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PENELOPE: A Study of Weaving as Technical Mode of Existence

Funded by

[Translate to English:] Das Projekt PENELOPE wird gefördert durch einen ERC Consolidator Grant der Europäischen Kommission im Forschungs-Rahmenprogramm Horizon 2020 (Projekt Nr. 682711)

Edited by

  • Dr. Ellen Harlizius-Klück

    Leitung ERC-Projekt PENELOPE; Wissenschaftliche MitarbeiterinERC Consolidator Grant Projekt PENELOPE

  • Dr. Giovanni Fanfani

    Wissenschaftlicher MitarbeiterERC Grant Projekt PENELOPE

  • Dr. Annapurna Mamidipudi

    Wissenschaftliche MitarbeiterinERC Grant Projekt PENELOPE

  • Dr. Alex McLean

    Wissenschaftlicher MitarbeiterERC Consolidator Grant Projekt PENELOPE

Project description

The PENELOPE project explores the contribution of ancient weaving to the history of science and technology, particularly digital technology. The project involves both the study of ancient source texts and the practices and technical principles of ancient weaving. We are reconstructing these in our PENELOPE laboratory at the Museum for Plaster Casts of Classical Sculptures, Munich, on replica warp-weighted looms.

Weaves consist of threads that cross over or under each other, making weaving a digital and even binary technology. The PENELOPE project will demonstrate that there is a previously unexplored contribution of weaving to the emergence of science in ancient Greece.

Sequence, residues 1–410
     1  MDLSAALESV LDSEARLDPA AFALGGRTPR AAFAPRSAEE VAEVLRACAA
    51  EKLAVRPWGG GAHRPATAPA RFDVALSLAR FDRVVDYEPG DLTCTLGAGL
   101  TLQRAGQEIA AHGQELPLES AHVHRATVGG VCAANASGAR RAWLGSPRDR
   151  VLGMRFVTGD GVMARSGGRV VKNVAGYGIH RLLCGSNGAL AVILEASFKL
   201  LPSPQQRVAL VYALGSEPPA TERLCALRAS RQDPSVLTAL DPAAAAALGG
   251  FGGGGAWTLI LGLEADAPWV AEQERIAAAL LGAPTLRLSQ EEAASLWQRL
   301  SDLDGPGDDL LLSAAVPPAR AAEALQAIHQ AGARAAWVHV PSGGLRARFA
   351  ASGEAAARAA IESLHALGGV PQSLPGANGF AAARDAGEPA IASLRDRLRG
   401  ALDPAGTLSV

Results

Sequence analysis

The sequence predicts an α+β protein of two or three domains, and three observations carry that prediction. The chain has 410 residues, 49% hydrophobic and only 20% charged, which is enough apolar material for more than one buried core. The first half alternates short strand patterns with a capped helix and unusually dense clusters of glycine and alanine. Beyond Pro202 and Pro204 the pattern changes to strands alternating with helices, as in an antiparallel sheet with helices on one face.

The project takes an interdisciplinary and partly experimental approach. In one of our experiments, the PENELOPE performance, we compare recurring rhythmic cycles in two temporally distant forms: the ancient Greek text genre called epiplokē and Tidal Cycles, a live code for music developed by team member Alex McLean. Despite their distance in time, they meet in the idea of pattern as rhythm, illustrating an early method of algorithmic pattern generation that relates to the principles of weaving (hidden in the word epiplokē). Six pattern-matrix-controlled and tablet-woven PENELOPE robots act as dancers.

The PENELOPE lab at the Museum of Plaster Casts is open to the public and consists of two warp-weighted looms, loom equipment and tools, as well as the pattern matrices, and a live-codable loom. There we invite weavers to participate in joint experiments.

Current

Indian Weaving in the Time of COVID-19

A blogpost by Annapurna Mamidipudi on penelope.hypotheses.org, 23. April 2010

https://penelope.hypotheses.org/2100

Podcast: Gewebte Zeiten. Der Code der alten Griechen

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